Saturday, December 1, 2012

Case Studies: How Does Collaborative Law Work?

This is the first in a series of stories about how Collaborative Law actually works in a divorce case.  These cases are not real cases.  The facts and stories are expanded and modified from real issues faced by families going through a Collaborative divorce.
                               The Uneventful Case

Facts:  Husband and wife have been married for 15 years.  They have two children, a boy and a girl, ages 10 and 8.  Husband has a sales job and wife has been a stay at home mom; she left her teaching career when the children were born.  The couple has a house, two retirement plans, some investments and very little debt.

Issues:  How to share time with the kids and providing some extra support for mom as she starts to rejoin the workforce.

Steps Followed:  Each party has their own Collaborative attorney.  The attorneys bring in a neutral mental health  professional (MHP) and a neutral financial professional (FP). 

1st Meeting:  At the first joint meeting, the parties tell what their goals, needs and interests are so that everyone will know what each party wants to end up with.
Kid Issues:  The MHP works with everyone in the joint meetings and works with the parties, without attorneys present, to come up with a parenting plan to bring to a joint meeting.  The parenting plan covers the sharing of responsibilities for the children as well as sharing time with them.  The MHP has also helped the parents work out a plan for how they would tell the children.  The therapist also runs the joint meetings and makes sure that both parties are comfortable and feel safe in the discussions.  The MHP has also answered questions and educated the parents about what to expect post-divorce with the children.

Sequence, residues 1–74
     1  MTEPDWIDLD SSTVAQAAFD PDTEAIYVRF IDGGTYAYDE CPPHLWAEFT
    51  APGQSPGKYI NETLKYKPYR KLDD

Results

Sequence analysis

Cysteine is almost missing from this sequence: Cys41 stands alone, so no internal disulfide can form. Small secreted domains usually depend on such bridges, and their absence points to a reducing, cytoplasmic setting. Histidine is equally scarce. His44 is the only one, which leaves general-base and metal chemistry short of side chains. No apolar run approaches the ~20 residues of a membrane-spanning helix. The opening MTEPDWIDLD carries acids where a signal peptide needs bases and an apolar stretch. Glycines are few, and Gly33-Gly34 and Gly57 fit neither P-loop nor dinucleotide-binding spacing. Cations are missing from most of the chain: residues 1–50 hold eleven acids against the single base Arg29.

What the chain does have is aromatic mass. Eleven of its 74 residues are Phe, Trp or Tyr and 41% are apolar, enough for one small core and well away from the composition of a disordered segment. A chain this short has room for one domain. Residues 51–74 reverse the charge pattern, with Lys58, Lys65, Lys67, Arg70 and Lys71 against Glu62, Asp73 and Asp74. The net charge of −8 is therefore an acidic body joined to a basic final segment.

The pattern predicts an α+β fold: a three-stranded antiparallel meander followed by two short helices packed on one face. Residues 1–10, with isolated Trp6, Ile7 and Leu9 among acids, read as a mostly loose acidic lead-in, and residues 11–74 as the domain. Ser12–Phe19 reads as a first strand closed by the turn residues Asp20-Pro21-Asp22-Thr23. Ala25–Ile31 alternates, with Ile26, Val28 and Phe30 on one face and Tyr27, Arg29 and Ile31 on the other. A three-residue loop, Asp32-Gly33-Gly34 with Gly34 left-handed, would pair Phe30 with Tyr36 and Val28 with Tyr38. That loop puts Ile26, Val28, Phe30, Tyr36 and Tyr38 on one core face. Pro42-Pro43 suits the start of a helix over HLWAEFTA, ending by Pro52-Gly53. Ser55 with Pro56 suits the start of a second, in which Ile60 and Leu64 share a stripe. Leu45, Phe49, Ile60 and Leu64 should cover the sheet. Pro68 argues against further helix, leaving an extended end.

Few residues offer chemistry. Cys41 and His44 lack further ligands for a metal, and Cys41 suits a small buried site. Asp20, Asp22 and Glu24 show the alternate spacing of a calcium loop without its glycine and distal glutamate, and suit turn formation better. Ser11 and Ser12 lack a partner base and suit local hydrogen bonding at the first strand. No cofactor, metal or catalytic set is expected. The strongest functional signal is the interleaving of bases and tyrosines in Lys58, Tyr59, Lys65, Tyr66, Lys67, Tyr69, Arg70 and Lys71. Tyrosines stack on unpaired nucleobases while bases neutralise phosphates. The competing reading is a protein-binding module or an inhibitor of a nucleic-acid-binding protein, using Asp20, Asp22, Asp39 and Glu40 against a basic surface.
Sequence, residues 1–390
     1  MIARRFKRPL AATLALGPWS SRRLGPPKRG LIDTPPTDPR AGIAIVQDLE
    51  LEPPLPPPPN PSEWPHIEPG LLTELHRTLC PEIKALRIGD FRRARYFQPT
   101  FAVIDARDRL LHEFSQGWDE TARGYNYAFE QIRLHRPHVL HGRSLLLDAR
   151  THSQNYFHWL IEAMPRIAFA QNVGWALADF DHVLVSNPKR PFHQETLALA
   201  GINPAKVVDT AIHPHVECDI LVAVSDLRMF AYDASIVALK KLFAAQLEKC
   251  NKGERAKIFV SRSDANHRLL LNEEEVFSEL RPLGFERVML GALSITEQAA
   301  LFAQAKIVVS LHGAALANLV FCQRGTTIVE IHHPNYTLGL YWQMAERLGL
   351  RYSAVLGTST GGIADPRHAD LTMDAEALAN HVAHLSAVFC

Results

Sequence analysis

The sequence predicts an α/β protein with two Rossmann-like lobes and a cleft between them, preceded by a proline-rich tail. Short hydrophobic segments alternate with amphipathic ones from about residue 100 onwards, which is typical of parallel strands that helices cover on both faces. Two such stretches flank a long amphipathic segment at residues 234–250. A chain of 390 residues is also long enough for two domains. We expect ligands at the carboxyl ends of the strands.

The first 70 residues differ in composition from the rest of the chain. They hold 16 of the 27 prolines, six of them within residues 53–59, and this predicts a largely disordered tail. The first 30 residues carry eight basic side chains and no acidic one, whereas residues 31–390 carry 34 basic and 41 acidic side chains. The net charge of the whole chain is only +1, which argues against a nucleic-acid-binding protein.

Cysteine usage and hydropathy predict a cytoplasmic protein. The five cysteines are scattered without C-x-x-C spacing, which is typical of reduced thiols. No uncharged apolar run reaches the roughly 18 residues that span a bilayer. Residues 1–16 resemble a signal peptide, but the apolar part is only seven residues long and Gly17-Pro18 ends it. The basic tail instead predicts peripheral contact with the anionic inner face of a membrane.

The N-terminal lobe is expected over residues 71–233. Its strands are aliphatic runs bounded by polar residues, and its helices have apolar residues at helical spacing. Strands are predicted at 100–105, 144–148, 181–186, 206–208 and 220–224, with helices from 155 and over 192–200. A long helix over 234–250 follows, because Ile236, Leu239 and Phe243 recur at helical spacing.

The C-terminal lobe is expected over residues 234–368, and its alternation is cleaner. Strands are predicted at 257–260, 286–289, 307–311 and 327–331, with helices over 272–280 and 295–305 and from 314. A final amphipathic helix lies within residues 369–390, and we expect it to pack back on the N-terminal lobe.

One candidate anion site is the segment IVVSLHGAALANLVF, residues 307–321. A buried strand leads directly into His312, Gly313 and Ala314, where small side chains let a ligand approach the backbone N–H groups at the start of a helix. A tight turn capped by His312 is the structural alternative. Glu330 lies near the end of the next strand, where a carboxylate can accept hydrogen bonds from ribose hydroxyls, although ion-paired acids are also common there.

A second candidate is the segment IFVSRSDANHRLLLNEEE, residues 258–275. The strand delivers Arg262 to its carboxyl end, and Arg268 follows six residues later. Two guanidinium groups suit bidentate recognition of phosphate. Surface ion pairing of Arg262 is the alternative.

Financial Issues:  The FP gathers financial records from the parties and creates a spreadsheet to use in dividing the assets.  Equally important, the Financial Professional helps each party put together a budget and plan their financial futures.  The FP leads the joint meetings dealing with finances and together the parties and professionals come up with a plan to divide the assets and a way for both parties to meet their financial needs into the future.  The FP also helps the parties plan for the tax consequences of the financial agreements.

Result:  A comprehensive agreement is drawn up that provides for the children and allows both parents to have meaningful time with the kids.  The property is divided and extra support is given to wife to enable her to do what's necessary to get back into the labor force while still being the primary caregiver of the children.

Comment:  Very few cases are this simple, but the story tells about the roles of everyone working on a Collaborative case.  The case would probably have taken about 4-5 joint meetings.

To find out whether Collaborative Law would possibly work for you, talk with an attorney who has been specially trained in Collaborative Law.  If any attorney tries to talk you out of using Collaborative, you should always get a second opinion from a trained Collaborative attorney.

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